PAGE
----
Up to 2,600 absentee ballots could be thrown out because of dueling court rulings over witness signatures on ballots.
Jefferson County Probate Judge James Naftel on Wednesday said officials are working to see that every vote counts.
Normally, absentee ballots must be notarized or signed by two witnesses, but a federal judge ruled in September that some older voters with underlying medical conditions did not have to meet the signature requirements because of the coronavirus pandemic. The 11th U.S. Circuit Court of Appeals reversed the ruling two weeks later.
County officials on Monday said ballots cast under the waiver that were postmarked by Oct. 13 will be counted. At issue are those with the waived witness requirements postmarked after that date.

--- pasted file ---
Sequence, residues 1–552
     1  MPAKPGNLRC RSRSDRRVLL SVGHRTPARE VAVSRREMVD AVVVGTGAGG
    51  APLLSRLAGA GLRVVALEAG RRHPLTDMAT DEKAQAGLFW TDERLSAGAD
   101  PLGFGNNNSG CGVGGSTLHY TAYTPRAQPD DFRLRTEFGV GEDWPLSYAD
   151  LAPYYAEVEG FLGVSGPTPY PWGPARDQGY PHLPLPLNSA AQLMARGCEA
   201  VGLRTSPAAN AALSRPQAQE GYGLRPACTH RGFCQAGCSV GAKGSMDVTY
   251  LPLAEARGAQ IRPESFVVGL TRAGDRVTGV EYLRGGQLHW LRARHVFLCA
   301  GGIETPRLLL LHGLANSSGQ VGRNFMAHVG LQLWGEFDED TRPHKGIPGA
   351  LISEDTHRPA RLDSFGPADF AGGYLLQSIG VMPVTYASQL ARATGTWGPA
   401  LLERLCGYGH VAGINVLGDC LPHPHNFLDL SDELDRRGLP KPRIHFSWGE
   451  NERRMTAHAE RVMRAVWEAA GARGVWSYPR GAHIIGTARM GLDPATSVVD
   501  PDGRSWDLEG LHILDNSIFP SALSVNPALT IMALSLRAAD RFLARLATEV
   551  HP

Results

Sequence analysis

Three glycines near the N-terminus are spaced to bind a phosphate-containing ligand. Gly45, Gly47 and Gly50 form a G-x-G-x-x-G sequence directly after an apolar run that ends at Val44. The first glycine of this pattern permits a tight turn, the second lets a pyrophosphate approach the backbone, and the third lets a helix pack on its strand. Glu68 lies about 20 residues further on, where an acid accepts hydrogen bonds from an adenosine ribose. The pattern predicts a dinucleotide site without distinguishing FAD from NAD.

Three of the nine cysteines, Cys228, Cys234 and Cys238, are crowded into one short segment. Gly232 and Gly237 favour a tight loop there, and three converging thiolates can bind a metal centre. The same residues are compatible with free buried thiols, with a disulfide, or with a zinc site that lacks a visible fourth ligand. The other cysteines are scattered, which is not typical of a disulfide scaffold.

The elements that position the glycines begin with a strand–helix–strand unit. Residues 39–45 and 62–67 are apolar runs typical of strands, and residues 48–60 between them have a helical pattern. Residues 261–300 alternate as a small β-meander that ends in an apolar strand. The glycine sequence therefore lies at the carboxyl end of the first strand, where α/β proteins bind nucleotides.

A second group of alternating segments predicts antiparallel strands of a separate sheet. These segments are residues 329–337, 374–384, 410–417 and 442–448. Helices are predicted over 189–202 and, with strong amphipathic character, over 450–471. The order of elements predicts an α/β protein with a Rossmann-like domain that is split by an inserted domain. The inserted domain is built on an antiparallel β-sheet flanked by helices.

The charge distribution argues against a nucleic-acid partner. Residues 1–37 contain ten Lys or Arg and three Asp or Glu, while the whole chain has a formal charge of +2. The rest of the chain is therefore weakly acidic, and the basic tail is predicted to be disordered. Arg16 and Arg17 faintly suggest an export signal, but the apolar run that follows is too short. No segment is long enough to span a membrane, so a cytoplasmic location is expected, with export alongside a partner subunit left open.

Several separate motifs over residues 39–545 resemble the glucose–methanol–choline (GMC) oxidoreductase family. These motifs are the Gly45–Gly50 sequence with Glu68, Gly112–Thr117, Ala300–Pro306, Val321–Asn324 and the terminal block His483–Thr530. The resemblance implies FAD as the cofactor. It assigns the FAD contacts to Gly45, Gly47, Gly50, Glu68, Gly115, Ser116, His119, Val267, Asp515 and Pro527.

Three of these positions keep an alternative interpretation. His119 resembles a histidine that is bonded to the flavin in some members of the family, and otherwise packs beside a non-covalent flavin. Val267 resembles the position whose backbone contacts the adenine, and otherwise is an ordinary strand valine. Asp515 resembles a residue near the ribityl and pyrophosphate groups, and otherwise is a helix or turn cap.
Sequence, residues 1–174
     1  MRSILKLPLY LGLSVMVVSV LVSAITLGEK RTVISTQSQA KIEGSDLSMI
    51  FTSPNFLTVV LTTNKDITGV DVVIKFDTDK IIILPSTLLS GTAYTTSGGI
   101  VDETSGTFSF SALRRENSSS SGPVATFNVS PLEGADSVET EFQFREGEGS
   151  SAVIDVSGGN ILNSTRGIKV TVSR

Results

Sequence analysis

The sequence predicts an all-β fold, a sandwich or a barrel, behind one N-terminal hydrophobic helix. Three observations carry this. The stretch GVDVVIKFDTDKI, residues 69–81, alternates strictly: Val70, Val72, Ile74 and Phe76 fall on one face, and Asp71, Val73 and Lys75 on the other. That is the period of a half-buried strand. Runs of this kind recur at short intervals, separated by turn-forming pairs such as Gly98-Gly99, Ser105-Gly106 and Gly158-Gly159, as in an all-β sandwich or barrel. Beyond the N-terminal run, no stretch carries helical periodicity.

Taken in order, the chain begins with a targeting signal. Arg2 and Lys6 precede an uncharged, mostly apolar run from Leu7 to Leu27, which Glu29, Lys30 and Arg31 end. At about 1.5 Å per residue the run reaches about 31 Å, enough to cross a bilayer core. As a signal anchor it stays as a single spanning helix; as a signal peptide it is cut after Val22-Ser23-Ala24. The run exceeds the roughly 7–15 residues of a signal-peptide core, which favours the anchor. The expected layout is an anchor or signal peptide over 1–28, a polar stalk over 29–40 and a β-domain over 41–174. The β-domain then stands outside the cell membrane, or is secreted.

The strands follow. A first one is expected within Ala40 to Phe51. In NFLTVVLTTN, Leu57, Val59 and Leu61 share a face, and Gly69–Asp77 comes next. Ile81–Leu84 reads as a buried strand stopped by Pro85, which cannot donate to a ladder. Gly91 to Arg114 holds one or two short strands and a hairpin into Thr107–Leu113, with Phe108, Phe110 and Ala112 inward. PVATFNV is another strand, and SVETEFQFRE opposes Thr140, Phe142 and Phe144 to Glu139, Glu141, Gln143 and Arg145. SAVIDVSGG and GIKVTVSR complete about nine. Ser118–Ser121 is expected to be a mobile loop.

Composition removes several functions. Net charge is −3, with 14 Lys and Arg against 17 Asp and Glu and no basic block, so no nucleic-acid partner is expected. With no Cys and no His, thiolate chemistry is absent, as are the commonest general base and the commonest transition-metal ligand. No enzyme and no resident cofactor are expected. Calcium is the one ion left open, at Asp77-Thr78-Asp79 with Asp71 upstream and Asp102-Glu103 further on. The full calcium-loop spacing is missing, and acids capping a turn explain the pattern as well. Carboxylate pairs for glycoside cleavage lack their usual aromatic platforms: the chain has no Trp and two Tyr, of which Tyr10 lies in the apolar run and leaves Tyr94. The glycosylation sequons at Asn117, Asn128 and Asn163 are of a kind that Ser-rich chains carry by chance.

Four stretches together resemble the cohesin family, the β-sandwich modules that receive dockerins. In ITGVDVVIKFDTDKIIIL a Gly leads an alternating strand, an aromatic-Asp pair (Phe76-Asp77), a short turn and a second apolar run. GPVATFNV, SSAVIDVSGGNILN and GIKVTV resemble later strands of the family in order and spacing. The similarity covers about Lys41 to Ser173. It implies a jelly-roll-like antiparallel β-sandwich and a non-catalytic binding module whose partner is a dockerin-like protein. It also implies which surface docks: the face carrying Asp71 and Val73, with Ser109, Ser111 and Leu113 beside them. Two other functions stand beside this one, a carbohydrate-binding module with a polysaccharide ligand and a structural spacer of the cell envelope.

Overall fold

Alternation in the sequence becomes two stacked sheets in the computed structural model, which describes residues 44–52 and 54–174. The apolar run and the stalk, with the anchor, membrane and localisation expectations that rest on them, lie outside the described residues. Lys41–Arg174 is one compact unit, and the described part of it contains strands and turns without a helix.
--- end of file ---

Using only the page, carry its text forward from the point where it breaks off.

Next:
Naftel told WBHM the county is working with the election software provider to more precisely identify the number of ballots in question. In the meantime, he said election workers will contact voters with such ballots to inform them of the opportunity to fix or “cure” the ballots.
A voter would have to go to the absentee election manager’s office at the Jefferson County Courthouse to sign an affidavit. State law prevents absentee ballots from leaving the office once they are received, meaning ballots cannot be delivered to a voter’s home to be fixed.
Voters who believe they may have been caught by this discrepancy can also call the office at 205-325-5313.
Thursday is the final day to request an absentee ballot, although, because the election is less than a week away, the United States Postal Service recommends hand delivering absentee ballots instead of mailing them. According to the Alabama Secretary of State’s Office, more than 301,000 absentee ballots have been requested with about 241,000 returned. That shatters the previous record from 2012 of 89,000 absentee ballots cast.